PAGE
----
- Oldest ex-MLB player dies in Cuba, 2 days shy of 103rd birthday
- ‘Top Gun’ for drones: Squadrons of carrier-based killers have Navy’s approval
- Bill Clinton to endorse Charlie Rangel for re-election
- Pfc. Bradley Manning is now Pfc. Chelsea Manning: Court says so
- Secret base U.S. special forces used to train Libyans now under terrorist control: report
- 9th suspect in N.C. kidnapping turns self in to FBI
- L.A. sheriff admits to testing flyover spy program without notifying residents
- Foreign minister vows response if Russians are attacked in Ukraine
- Robert Griffin III to drive pace car before Richmond NASCAR race
- Material on Australian shore examined in jet hunt
India’s ‘hugging saint’ comforts with embrace
Thatched-roof food stands, jewelry vendors and a massage booth transformed an Alexandria hotel into a marketplace Friday morning, and the people browsing teas, fragrances and stained glass all waited patiently for one thing: a hug.
Hundreds of people filled the Hilton Alexandria Mark Center Hotel, braving a potentially full-day wait for a squeeze from a 4-foot-9-inch tall Indian woman called “the hugging saint.”
Known to her followers as Amma, Mata Amritanandamayi began hugging neighbors as a child and now takes her embraces on tour for more than half the year. What started in India as a spontaneous act to alleviate suffering has led to her current 10-stop trip across North America.
“It shifts something in your being. It gives you a different perspective on life,” said Steve Pohle. The 59-year-old made the three-hour trek from Newport News in order to receive his 12th hug from Amma.
But embracing people is only half of Amma’s strategy to ease hardships. She also oversees a global network of volunteer-run charities called Embracing the World that focus on causes ranging from fighting hunger to slum renovation.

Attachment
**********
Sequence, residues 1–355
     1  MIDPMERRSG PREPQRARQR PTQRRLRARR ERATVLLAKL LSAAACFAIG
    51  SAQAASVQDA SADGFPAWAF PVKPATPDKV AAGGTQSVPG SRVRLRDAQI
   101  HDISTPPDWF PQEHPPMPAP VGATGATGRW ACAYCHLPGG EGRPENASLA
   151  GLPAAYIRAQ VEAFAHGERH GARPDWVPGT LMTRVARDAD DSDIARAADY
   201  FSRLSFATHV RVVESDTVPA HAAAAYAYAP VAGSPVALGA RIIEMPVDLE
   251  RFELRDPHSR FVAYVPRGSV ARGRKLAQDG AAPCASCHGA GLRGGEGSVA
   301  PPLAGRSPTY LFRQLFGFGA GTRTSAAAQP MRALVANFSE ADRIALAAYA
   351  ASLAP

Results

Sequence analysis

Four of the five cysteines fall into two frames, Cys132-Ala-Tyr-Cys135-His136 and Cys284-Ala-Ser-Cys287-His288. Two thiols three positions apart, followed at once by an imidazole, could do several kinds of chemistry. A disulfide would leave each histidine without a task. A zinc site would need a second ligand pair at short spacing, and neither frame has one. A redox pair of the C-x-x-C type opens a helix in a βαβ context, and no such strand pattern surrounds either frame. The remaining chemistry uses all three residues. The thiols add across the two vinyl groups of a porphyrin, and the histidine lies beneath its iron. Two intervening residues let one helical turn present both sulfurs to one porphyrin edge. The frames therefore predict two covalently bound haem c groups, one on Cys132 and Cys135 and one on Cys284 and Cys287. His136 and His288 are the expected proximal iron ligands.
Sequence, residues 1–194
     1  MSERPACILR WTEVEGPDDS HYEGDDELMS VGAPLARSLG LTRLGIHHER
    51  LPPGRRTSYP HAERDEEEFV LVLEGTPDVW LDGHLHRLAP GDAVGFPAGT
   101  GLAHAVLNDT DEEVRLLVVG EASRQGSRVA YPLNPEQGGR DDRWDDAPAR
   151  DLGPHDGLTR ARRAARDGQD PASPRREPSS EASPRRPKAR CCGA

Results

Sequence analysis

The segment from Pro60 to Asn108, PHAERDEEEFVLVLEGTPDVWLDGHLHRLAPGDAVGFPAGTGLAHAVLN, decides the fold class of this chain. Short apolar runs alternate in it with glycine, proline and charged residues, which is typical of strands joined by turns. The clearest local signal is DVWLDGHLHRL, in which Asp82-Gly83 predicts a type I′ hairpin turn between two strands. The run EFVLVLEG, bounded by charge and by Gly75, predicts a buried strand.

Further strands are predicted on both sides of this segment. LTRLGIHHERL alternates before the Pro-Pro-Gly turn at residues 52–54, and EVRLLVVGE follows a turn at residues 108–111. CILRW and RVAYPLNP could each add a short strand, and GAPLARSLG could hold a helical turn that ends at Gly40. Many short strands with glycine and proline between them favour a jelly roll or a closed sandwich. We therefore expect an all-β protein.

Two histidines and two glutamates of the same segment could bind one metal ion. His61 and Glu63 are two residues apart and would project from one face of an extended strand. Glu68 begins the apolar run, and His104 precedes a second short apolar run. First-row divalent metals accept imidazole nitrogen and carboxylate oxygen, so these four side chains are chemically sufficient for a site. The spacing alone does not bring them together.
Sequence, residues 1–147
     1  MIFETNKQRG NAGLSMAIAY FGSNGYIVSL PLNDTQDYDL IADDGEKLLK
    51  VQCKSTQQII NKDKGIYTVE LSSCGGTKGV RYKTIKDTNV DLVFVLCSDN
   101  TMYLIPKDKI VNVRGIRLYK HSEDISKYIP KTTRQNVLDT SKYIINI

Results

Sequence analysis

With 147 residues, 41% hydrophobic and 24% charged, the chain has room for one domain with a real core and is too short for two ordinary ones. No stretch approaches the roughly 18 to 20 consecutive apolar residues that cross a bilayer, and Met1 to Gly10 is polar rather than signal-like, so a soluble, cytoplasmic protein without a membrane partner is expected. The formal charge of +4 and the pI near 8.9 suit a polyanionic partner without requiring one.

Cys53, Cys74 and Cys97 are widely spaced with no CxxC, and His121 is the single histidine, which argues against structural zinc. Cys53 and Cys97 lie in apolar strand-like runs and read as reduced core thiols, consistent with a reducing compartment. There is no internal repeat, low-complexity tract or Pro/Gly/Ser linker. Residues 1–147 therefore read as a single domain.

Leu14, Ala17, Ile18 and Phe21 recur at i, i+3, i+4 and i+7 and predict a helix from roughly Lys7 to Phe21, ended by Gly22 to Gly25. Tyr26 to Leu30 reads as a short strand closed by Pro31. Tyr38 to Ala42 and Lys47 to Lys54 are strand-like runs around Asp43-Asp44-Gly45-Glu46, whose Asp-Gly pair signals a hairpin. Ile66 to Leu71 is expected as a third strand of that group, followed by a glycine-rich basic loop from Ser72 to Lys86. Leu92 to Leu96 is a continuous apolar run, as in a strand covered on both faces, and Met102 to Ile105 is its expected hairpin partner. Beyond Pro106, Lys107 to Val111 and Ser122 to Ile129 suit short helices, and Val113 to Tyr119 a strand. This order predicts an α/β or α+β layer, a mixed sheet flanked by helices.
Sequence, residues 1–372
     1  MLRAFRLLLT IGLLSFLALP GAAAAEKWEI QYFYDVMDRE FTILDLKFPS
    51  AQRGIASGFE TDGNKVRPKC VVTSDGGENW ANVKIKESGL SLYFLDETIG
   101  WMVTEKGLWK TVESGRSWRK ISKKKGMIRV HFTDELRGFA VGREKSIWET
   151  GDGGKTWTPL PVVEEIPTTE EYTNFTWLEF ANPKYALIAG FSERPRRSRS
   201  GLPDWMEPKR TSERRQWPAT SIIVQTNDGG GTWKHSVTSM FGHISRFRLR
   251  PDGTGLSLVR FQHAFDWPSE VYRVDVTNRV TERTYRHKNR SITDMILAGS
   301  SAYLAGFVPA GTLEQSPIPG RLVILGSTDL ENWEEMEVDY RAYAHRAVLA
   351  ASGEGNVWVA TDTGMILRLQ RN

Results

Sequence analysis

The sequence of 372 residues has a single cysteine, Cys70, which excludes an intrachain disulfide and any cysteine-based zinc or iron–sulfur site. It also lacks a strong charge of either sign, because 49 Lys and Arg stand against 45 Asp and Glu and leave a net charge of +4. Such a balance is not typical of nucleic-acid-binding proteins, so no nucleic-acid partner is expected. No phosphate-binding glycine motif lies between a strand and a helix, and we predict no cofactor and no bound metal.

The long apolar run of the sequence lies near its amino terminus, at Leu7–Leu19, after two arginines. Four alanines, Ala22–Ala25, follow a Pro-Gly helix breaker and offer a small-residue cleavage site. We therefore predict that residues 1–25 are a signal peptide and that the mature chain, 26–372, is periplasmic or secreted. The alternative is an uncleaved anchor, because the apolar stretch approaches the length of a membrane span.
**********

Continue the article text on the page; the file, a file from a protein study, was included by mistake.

The organization provided $46 million of aid in two years to victims of the 2004 Indian Ocean tsunami. Funding comes from donations and sales at events.
“The one-word solution to 80 percent of the problems in the world is ‘compassion,’ ” Amma said through a translator.
Local program coordinator Padmini Pooleri said she did not initially understand all the hype about “the hugging saint.”
“Over the years I’ve realized how much she’s done with the world,” Ms. Pooleri said. “Every penny goes to the poor people. Nobody gets paid. We are all volunteers.”
On Friday morning, hoards of people came out to meet the humanitarian herself. Ushered along by volunteers in color-coded scarves, visitors were systematically given a numbered token showing the time of their turn for a hug.
All in all, more than 300 individuals donated time to keep the event running smoothly.
Volunteer Rob Sidon said he expected between 7,000 and 10,000 people to receive hugs over the course of the weekend.
Some families elected to leave and return later in the day. Others browsed the displays of beads, magnets, postcards, hand bells, dolls, “Amma’s socks,” saris and photos for sale.
Many had slipped off sneakers and sandals, and posters at the edge of the room informed visitors that they “must wear shoes beyond this point.”
A sign in the middle of the ballroom displayed which group was up next, and volunteers in green scarves directed them to seats leading to the hug station.
© Copyright 2014 The Washington Times, LLC. Click here for reprint permission.
TWT Video Picks
Feds who send arms against ranch families betray American values
- Nevada rancher Cliven Bundy hailed as patriot, ripped as lawless deadbeat
- CARSON: When government looks more like foe than friend
- Pentagon plans to replace flight crews with 'full-time' robots
- Georgia governor signs bill expanding gun rights
- America is an oligarchy, not a democracy or republic, university study finds
- Texas is next! AG warns BLM wants 90,000 acres after Bundy ranch standoff
- Opposition rising to Colorado gun control laws
- Professor apologizes after blasting Republicans in class
- Harry Reid using tax dollars to fight Koch brothers, La. GOP chair charges
- Ukraine claims torture by pro-Russian forces on the heels of Biden's stern warning to Moscow
Top 10 handguns in the U.S.
Celebrity deaths in 2014